DockATot says it is Southwest Airlines approved. No it isn’t.

DockATot says it is Southwest Airlines approved. No it isn’t. First published: May 31, 2018. Updated: May 26, 2021 @ 10:24 am. Controversial infant co-sleeper maker DockATot is in hot water for a social media posting that claimed its product is approved by Southwest Airlines. The only problem: Southwest says it is NOT.

In a February 2018 post to its Instagram account with over 400,000 followers, DockATot claimed that it is “@southwestair approved” along with a picture of the DockATot apparently used on a Southwest airplane:

DockATot says it is Southwest Airlines approved. No it isn't.

Photo credit: Instagram. We have modified this picture by blurring the baby’s face and the parent’s Instagram account name for privacy reasons.

We reached out to Southwest Airlines to confirm that the DockATot is approved for use on their aircraft.

“This product is not currently approved for use on Southwest Airlines flights,” said Southwest Airlines spokesperson Thais Hanson.

We reached out to DockATot’s spokesperson for response but didn’t receive a response by our press deadline. We will update this post when we hear back.

With family summer travel season underway, parents will be taking to the skies with their infant lap children. We asked child passenger safety expert Alisa Baer, known online as the Car Seat Lady, for her thoughts on using infant loungers on airplanes.

“The safest place for an infant on a plane is in an FAA-approved car seat,” Dr. Baer said in a phone interview. Dr.Baer pointed out that the FAA has jurisdiction over all products used on a plane during take-off, landing and turbulence. During a search of an FAA database, we couldn’t find any mention that the DockATot is FAA-approved. (Read more of Dr. Baer’s recommendations for airline travel safety for infants here).

DockATot’s post also pictures the product being used on an aisle. It is against FAA regulations to use a car seat on the aisle and recent research shows an increased risk to babies and toddlers seated there (burns, pinched fingers and other injuries.)

This isn’t the first time DockATot’s social media has embroiled the company in controversy. In a detailed review posted last year, we documented how social media postings for DockATot show the product used in ways that even its own safety instructions say is dangerous.

Canada banned the sale of DockATots in 2017, which is noted as well on DockATot’s Canada web page. Note this ban applies to the sale of DockATots, not just use on planes.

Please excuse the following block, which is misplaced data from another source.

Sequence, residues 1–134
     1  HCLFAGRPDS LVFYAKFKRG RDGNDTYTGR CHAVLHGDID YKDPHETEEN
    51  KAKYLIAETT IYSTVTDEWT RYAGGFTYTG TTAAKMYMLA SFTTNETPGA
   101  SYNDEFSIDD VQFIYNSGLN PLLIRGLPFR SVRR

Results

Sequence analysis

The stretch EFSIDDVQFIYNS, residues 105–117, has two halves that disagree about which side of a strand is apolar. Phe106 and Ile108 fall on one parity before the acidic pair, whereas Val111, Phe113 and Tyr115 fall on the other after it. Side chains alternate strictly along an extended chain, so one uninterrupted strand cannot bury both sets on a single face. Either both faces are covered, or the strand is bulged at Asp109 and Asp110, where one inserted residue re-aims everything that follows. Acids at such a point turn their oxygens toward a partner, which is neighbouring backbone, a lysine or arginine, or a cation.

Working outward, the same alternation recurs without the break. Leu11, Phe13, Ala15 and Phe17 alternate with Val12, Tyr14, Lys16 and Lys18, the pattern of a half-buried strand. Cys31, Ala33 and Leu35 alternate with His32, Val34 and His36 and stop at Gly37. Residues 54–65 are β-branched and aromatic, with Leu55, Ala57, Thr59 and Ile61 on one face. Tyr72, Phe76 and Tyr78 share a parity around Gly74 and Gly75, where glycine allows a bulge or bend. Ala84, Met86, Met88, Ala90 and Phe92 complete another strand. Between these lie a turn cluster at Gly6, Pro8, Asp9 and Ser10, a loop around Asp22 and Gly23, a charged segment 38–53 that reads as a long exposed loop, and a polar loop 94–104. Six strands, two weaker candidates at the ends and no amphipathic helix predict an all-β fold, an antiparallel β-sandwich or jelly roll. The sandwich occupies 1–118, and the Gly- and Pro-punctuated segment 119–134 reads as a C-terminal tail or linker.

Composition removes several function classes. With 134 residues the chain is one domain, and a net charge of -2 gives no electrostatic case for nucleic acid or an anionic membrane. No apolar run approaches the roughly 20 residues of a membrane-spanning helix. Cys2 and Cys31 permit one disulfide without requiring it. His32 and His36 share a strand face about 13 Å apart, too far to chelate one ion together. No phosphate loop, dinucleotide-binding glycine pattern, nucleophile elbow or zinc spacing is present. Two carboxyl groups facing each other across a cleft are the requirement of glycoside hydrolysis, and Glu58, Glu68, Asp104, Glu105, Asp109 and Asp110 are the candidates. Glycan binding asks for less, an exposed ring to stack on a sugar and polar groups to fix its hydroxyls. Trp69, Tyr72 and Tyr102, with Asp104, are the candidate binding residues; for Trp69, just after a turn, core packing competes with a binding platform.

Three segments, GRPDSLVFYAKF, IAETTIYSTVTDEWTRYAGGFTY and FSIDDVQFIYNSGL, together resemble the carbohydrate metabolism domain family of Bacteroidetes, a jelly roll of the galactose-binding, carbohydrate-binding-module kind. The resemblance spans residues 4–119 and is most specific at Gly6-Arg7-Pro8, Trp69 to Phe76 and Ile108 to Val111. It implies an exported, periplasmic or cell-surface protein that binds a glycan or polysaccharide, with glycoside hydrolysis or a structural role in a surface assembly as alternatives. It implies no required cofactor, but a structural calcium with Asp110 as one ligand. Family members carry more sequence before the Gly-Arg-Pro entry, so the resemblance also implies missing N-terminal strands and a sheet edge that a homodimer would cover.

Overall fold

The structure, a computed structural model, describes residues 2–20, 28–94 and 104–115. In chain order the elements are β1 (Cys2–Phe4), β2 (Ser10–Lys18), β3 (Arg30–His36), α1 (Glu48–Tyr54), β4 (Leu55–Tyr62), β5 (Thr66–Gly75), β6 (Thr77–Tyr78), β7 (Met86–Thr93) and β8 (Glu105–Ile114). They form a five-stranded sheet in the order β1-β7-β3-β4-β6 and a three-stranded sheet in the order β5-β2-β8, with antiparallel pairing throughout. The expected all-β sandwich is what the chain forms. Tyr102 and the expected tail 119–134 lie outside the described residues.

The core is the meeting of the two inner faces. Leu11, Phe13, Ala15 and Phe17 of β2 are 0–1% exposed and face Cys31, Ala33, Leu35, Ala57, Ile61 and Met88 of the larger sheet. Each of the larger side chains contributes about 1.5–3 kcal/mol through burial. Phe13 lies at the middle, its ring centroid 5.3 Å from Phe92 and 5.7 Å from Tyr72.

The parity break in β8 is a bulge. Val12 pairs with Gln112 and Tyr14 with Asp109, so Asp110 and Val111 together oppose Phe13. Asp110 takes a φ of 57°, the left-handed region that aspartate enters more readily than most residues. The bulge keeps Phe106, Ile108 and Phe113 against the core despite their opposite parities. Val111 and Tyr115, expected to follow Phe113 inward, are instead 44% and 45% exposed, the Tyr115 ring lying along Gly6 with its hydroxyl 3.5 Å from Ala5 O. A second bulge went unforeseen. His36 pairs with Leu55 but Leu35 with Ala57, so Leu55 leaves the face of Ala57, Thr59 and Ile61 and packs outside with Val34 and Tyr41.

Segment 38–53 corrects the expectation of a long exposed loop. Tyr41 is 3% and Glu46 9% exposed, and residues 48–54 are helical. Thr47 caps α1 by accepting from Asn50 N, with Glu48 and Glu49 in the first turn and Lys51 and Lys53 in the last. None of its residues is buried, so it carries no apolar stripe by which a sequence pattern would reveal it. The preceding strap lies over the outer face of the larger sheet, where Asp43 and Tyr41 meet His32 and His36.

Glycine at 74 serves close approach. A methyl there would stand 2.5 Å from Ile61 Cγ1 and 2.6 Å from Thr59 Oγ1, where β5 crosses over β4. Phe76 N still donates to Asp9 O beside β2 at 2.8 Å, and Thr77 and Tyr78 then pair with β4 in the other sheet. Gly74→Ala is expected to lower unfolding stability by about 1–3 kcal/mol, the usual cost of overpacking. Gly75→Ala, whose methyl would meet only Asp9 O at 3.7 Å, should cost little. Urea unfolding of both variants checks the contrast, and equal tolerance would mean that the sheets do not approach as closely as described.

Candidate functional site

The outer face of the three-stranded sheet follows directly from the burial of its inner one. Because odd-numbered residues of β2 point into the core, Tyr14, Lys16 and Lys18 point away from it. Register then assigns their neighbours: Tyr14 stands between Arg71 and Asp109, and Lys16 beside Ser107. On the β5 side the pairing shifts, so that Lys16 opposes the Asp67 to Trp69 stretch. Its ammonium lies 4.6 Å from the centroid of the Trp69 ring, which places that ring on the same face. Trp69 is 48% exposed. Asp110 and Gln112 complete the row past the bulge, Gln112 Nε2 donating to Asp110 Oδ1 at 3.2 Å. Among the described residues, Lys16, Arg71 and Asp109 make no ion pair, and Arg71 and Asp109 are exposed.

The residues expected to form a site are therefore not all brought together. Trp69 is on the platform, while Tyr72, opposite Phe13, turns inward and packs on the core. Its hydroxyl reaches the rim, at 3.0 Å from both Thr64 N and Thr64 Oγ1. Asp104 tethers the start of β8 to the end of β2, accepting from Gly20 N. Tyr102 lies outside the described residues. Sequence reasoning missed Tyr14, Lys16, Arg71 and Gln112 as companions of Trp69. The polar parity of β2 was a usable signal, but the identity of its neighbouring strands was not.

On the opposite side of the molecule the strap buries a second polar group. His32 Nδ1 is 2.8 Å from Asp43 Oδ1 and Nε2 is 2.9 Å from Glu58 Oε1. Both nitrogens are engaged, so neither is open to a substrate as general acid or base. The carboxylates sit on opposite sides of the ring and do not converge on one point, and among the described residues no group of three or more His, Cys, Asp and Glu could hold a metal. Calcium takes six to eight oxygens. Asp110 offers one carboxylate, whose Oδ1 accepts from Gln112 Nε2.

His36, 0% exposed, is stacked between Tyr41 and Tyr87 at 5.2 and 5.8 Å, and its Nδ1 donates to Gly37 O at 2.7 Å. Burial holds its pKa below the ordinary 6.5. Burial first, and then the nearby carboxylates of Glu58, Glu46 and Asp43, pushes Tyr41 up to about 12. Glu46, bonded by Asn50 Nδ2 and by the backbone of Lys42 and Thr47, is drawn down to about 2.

Update: June 4: After we published this article, we heard from Southwest Airlines to explain some of their thinking on the DockATot:

“Since this doesn’t attach to a seat or get used as a car seat, we’d likely have to consider it an infant carrier, which our FAA-approved Flight Attendant manual requires to be stowed during taxi, takeoff, and landing,” said Southwest spokesperson Thais Hanson. “It would also be counted as a carryon item.”

During the cruise portion of the flight, a parent would be permitted to use a DockATot . . . but that’s true for just about any infant carrier, blanket, etc.

Another wrinkle: because the DockATot is 24″ width and Southwest seats are about 17″, the DockATot would spill on to an adjacent seat. “If the seat next to the person using it is occupied, we would not allow it; however, if an adjacent seat is empty, we could possibly accommodate during the cruise portion of flight.”

Meanwhile, DockATot’s own fans blasted the company for its suggestion to use it in flight instead of a car seat. Here are a handful of comments posted to DockATot’s Instagram:

“This is extremely unsafe and is even more dangerous than just have a lap infant. If this parent didn’t have the pillow, he’s at least be HOLDING his child. The pillow is allowing him to not even have to have a hand in the baby.”

“I’m a huge advocate for using car seats on a plane for babies and toddlers. So i hate seeing things like this.”

A flight attendant commented: “Unnecessary risks that don’t need to be promoted. Half the people on this post think this is a genius idea. I’ve seen, and have experienced injuries due to unexpected turbulence. Glad the other half of mamas are also trying to shut it down.”

“We love ours at home, but there’s no way this is safe for travel. Buy a seat on the plane for your baby and put them in their carseat.”

“Please stop promoting this @dockatot. It’s not safe.”

“What @dockatot is promoting is extremely unsafe. Just because it’s an option to parents, absolutely does not make it a safe one for kids.”

“Omg so incredibly unsafe! This really needs to stop being promoted.”

Despite the flood of negative comments, DockATot still has this picture on their Instagram as of today.

DockATot says it is Southwest Airlines approved. No it isn’t. First published: May 31, 2018. Updated: May 26, 2021 @ 10:24 am.

DockATot says it is Southwest Airlines approved. No it isn’t.